Today’s post will be interactive. Let’s open with a photo of a Salvador Dali painting.
In the space below, using 1,000 words or less, please write the message this image conveys, in as much detail as possible.
You have a few minutes. I’ll wait.
Your answer here:
Time’s Up. Pencils Down
Show of hands. Who among you wrote “This painting summarizes the life work of Dr. Maxwell Maltz?”
No one? But that’s what the painting’s owner says it means. How can that be that none of us “got it?” Isn’t a picture worth a thousand words? Confucius told us that.
Or did he?
There is no mention of the value of an illustration in the Analects of Confucius, nor in the Five Classics.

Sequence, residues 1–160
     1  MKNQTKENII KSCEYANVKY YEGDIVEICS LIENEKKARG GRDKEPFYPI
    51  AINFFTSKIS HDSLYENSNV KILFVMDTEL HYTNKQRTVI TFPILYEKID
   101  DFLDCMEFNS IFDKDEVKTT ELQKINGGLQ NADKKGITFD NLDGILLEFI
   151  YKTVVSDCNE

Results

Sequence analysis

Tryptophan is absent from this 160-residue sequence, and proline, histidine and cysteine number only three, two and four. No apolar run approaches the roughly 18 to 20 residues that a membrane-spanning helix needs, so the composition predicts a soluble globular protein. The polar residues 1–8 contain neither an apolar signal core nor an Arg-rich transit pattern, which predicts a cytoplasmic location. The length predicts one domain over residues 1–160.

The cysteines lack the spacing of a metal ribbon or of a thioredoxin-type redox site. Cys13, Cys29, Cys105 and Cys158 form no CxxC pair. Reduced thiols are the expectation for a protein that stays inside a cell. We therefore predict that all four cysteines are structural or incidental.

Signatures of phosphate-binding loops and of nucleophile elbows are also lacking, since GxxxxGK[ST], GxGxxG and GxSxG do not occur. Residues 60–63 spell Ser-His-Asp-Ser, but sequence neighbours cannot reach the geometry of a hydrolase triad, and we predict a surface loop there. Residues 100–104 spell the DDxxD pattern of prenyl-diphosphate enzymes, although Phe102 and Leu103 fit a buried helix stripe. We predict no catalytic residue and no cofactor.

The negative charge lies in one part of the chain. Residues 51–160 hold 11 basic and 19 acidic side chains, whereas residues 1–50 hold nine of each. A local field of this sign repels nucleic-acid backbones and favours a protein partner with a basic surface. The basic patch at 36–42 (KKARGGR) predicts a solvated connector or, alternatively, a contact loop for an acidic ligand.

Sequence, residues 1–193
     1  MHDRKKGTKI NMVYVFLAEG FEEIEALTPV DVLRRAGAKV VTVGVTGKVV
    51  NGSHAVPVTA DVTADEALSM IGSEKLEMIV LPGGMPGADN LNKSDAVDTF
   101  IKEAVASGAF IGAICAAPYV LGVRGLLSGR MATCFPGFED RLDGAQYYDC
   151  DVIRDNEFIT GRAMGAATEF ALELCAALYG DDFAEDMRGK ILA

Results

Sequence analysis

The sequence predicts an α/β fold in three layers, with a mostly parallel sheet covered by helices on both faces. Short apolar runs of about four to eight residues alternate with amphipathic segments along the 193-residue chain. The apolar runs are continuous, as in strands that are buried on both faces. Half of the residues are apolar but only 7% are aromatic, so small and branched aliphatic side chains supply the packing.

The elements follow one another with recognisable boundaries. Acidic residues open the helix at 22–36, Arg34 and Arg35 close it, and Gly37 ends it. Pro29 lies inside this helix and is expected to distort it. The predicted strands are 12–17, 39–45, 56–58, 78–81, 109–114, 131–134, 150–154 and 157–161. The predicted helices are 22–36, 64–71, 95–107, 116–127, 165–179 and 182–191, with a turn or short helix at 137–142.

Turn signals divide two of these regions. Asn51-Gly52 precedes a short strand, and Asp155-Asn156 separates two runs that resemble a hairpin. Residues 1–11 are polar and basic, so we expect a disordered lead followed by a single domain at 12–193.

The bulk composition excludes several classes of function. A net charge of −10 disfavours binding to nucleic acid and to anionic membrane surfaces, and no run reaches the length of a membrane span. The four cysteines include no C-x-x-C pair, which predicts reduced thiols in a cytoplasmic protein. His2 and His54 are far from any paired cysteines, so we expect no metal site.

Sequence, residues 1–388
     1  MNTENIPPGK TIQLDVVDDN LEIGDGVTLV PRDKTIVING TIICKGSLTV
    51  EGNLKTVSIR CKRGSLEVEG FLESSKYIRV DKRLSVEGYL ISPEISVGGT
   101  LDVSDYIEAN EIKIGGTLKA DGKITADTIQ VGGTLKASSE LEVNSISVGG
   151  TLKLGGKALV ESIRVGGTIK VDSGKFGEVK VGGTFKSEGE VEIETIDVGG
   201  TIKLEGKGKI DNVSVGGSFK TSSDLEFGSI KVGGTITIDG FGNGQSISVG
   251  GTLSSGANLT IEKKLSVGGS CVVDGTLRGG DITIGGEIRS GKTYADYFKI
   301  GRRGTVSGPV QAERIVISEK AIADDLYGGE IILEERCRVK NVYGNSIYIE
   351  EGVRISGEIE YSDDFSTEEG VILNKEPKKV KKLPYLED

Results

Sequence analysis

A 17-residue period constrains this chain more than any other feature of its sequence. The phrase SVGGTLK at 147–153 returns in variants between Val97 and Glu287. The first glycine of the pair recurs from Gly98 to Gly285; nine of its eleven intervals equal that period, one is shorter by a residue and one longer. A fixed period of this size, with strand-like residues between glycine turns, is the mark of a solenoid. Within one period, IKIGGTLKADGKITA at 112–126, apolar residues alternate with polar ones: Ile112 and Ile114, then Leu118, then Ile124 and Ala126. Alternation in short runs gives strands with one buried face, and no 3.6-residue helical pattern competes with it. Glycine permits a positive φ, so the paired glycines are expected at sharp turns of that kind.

Hummm. Maybe it wasn’t Confucius.
Xing Lu? Sun Tsu maybe? Or perhaps it was just some anonymous Chinese author steeped in antiquity.
In the December 8, 1921 issue of Printer’s Ink, Fred R. Barnard coined the phrase “One look is worth a thousand words,” to promote the use of images in streetcar ads.
Five years later, also in Printer’s Ink, Barnard wrote “One picture is worth ten thousand words.” Barnard is quoted in The Home Book of Proverbs, Maxims, and Familiar Phrases as admitting he made up the saying, and called it “a Chinese proverb, so that people would take it seriously.”
It didn’t take long for our popular culture to credit Confucius as the author.
But discrediting the source doesn’t invalidate the idea.
Let’s consider the “one picture” concept at work. The painting depicted a few paragraphs ago was created by Salvador Dali for his close friend, the late Dr. Maxwell Maltz, creator of Psycho Cybernetics.